All of the characters here other than a few who have little more than cameos are shown to be quite human and as humans are, imperfect. This makes the superheroes more relatable to everyone. Who hasn’t had relationship troubles, or felt like they didn’t belong, or chafed at having their autonomy taken from them, or mistrusted authority, or agonized over inventing a self-aware robot that nearly wiped out the human race? Okay, maybe not the last one.

The plot here is dense and for those not really immersed in the Marvel Universe, it may all be too much. In many ways, this is the first Marvel film I felt that it would be actually advantageous to have seen all of the ones preceding it in order to understand it better. It can still stand on its own, but I have to admit that the more you know about the MCU, the easier this will go down. There are also a whole lot of characters here and their relationships and motivations may not be clear to everyone. I suppose that’s just a byproduct of having so many films in the MCU now.

The Russos have shown themselves very capable directors. While I don’t think this film quite measures up to Captain America: The Winter Soldier in terms of quality, it’s damn close. The brothers have been handed the reins to the next to Avengers films and this one shows that the franchise is in safe hands.

REASONS TO GO: Great battle sequences. Excellent debate starter (security vs. freedom). Portrays the heroes as fallible and human.
REASONS TO STAY: A little too much plot and character. Occasionally confusing, particularly to casual viewers.
FAMILY VALUES: All sorts of superhero violence, action and mayhem, more than you can shake a stick at.
TRIVIAL PURSUIT: At 2 hours and 27 minutes long, this is the longest Marvel movie to date.
CRITICAL MASS: As of 6/16/16: Rotten Tomatoes: 90% positive reviews. Metacritic: 75/100.
COMPARISON SHOPPING: Marvel’s The Avengers
FINAL RATING: 7.5/10
NEXT: My Love, Don’t Cross That River

New Releases for the Week of March 18, 2016


The Divergent Series: AllegiantTHE DIVERGENT SERIES: ALLEGIANT

(Summit) Shailene Woodley, Theo James, Naomi Watts, Octavia Spencer, Jeff Daniels, Zoë Kravitz, Ansel Elgort, Miles Teller, Daniel Dae Kim. Directed by Robert Schwentke

With Chicago embroiled in chaos following the events of the previous film, Tris, Four and the others decide to leave the city and pass beyond the wall for the first time. What they find out there is shocking; the wasteland has a habitation far advanced of their own and the world they thought they knew is suddenly turned upside down forever. They’d hoped to find a peaceful solution but now they realize that their city and everyone they know and love is in mortal danger. They must quickly discover who they can trust and fight the most overwhelming odds they have ever faced if they are to survive. This is the penultimate chapter in the successful young adult film franchise.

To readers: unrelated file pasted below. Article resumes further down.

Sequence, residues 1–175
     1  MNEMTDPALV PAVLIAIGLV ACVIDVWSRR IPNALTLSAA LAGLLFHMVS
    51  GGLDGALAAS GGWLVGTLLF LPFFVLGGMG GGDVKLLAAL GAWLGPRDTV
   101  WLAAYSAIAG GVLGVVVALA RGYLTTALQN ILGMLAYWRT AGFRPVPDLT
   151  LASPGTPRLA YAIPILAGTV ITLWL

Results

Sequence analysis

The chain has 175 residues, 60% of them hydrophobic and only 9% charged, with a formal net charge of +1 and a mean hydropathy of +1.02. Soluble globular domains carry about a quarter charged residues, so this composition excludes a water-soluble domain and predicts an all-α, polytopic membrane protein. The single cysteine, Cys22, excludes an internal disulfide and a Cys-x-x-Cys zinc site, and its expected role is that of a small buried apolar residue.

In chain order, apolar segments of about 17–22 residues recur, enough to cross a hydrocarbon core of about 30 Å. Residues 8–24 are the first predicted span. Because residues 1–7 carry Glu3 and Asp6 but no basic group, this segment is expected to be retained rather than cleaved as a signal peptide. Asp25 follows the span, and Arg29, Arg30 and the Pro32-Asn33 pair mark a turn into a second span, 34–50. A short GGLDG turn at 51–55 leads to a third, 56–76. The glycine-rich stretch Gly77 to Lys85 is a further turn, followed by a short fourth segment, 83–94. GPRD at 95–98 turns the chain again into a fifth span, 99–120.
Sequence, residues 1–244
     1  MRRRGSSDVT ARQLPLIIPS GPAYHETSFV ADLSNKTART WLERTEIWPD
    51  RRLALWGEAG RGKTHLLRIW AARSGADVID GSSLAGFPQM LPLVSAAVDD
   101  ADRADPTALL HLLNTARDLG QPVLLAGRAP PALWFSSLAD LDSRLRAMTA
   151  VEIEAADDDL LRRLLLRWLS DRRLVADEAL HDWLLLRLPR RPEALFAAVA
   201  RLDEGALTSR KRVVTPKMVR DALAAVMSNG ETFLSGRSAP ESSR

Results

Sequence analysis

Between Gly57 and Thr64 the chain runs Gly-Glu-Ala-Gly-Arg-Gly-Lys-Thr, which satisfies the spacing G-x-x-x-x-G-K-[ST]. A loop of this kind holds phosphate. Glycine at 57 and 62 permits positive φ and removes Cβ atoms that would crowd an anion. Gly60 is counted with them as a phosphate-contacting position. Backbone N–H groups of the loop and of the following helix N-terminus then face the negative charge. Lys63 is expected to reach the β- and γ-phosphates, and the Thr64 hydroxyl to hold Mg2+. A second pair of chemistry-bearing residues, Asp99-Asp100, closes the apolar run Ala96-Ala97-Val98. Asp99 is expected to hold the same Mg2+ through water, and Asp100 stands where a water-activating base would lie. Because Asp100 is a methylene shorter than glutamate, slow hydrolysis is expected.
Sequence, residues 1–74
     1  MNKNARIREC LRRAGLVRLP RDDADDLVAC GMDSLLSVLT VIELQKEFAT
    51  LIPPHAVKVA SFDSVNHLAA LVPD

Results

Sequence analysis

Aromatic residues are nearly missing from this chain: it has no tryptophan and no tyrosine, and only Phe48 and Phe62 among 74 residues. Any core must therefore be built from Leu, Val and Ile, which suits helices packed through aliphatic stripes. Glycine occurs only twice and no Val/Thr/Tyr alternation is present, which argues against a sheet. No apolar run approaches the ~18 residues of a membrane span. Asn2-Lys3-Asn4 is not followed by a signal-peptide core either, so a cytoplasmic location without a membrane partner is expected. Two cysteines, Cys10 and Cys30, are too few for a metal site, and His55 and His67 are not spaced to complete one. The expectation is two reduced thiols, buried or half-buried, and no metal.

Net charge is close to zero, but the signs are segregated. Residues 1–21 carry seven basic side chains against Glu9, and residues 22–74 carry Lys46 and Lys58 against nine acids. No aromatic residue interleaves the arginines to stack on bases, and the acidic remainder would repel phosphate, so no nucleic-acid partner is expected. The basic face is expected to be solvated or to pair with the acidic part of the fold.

See the trailer, clips, interviews and B-roll video here.
For more on the movie this is the website.

Release Formats: Standard, Large-Screen
Genre: Science Fiction
Now Playing: Wide Release

Rating: PG-13 (for intense violence and action, thematic elements, and some partial nudity)

The Bronze

(Sony Classics) Melissa Rauch, Gary Cole, Thomas Middleditch, Sebastian Stan. Once upon a time, a gymnast from a small Ohio town captured America’s heart with a gutsy performance on a ruptured Achilles tendon that netted her a bronze medal at the Olympics. Since then, she really hasn’t moved on, her gymnastics career ended prematurely. Living in her dad’s basement, she exists on the memories of a faded past and the well-wishes of a town that still continue to treat her like America’s sweetheart. However, there is a new presence – a gymnast with the sort of talent that might exceed her own accomplishments. And that doesn’t sit well with her at all.